Aslay Isihaka, popularly known as Aslay, recently launched his EP, Kipenda Roho, in Nairobi.
He broke down what the EP is all about and addressed his recent differences with Kenyan gospel singer Bahati.
Why did you choose Kenya to announce the release of your EP and what makes the EP unique?
I love Kenya; I have many fans here, and people I consider family. So, I thought let me bring it here first and then share it with the rest of the world as well.
I believe this EP is different because it has fewer love songs and more songs with a story and deeper meaning.
You chose nine songs and the name Kipenda Roho for your EP, why?
I have many songs; in fact I could choose to have even seven EPs, but these specific songs were close to my heart at the time of selection.
Kipenda roho is one of the songs in the EP, and as the name suggests, these songs were exciting to the soul and heart.
A couple of years back artistes did not attempt to do albums or EPs, especially with the notion that East African music industry is not as advanced. Do you think the audience is ready today to buy the album and EP both in the digital space and as hard copies?
I believe having an EP or album is what makes an artiste bear that title. If you don’t have either, you can’t really refer to yourself as an artiste.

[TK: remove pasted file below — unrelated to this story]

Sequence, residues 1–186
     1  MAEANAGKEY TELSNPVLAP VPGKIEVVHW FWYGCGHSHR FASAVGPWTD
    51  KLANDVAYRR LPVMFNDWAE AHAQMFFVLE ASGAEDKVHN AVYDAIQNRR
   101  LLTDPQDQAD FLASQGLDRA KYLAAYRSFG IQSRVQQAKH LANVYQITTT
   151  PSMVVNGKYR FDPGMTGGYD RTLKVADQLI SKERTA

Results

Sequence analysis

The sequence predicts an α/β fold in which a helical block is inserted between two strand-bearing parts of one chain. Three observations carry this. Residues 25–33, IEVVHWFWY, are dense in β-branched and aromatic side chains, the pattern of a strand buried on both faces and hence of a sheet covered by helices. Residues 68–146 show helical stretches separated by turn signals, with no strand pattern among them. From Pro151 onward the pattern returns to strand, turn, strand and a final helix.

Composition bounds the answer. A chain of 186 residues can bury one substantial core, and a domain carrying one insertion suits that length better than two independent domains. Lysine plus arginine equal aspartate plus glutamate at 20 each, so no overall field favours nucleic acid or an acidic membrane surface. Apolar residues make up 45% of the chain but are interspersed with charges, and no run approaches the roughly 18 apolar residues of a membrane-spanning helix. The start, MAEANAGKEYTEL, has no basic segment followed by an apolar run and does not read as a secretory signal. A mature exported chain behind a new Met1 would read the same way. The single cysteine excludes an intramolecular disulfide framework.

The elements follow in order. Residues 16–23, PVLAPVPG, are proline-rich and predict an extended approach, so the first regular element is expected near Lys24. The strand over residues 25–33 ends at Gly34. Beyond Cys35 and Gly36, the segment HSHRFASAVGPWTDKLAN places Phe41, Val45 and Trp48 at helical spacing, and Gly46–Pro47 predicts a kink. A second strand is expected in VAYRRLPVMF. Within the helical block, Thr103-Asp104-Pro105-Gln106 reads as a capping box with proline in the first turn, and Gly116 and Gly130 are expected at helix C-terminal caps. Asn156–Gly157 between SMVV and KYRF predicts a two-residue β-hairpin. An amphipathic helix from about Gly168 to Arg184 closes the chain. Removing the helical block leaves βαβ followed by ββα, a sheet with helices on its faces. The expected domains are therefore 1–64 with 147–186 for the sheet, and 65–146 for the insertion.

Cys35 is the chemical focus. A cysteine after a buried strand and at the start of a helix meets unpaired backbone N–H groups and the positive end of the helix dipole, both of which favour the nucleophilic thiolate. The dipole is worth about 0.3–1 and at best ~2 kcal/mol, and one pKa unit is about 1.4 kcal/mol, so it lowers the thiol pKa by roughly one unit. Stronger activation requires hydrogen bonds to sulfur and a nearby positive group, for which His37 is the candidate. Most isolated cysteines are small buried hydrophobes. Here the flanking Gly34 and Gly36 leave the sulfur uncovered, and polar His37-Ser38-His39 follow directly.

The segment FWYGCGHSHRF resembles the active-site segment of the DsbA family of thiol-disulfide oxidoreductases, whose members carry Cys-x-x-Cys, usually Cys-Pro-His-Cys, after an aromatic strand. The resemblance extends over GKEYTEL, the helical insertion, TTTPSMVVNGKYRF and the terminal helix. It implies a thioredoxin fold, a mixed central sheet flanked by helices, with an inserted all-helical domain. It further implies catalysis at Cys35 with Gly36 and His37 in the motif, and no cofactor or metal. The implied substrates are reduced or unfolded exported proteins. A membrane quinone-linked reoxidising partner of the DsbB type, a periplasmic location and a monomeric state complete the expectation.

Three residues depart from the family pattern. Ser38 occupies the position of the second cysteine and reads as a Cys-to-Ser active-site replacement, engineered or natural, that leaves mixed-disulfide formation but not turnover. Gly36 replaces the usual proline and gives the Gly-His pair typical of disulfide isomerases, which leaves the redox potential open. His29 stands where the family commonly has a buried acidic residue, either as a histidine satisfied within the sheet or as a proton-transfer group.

It earns you respect in the industry, such that when it is time for me to exit, I have something to leave behind. And yes, I believe the industry is ready.
The EP is on various platforms such as BoomPlay, which means you are able to see how the songs are doing in terms of downloads and charts. What song do you expect to do well?
I expect Kipenda roho to do well. I still believe it has the potential to do better than it is currently is doing in the charts.
Are the songs in the EP solo tracks or have you featured other artistes?
I’m very open when it comes to doing collaborations, and I have done a couple of them. However, for this EP, I only put solo tracks, so that I could push my own music first.
Speaking of collaborations, Bahati raised some issues when you two did the song Nasubiri nini. Have you ironed out these? And is there any artiste in Kenya you want to collaborate with?
I think there were some differences between both managements, and to be honest, they did not explain in detail what the actual problem was.
If he is open for collaboration, I’m ready to do it, because the song we did together did so well. In Kenya, I’m keen on working with boy band Sauti Sol. I love their art of doing music.
What do you look at when choosing a producer to work with?
Personally, I don’t look at the title or the position of the producer in the industry or even how big he is, I look at his work when it comes to beats and melodies.
Most artistes are mentoring up-and-coming colleagues, are you currently doing the same at home?
Yes, I have two artistes I’m currently mentoring. They are now shooting a new video, which they will soon release to the world.
You tend to stay clear of scandals, especially when it comes to your relationships with the mother of your child. Could you tell us why?
In life, you come to realise when you have a child, raising it with great values is top priority.
Once you surround her with scandals, she might not understand them right now, but she will when she grows up and still have to deal with what was said and it might affect her in one way or another.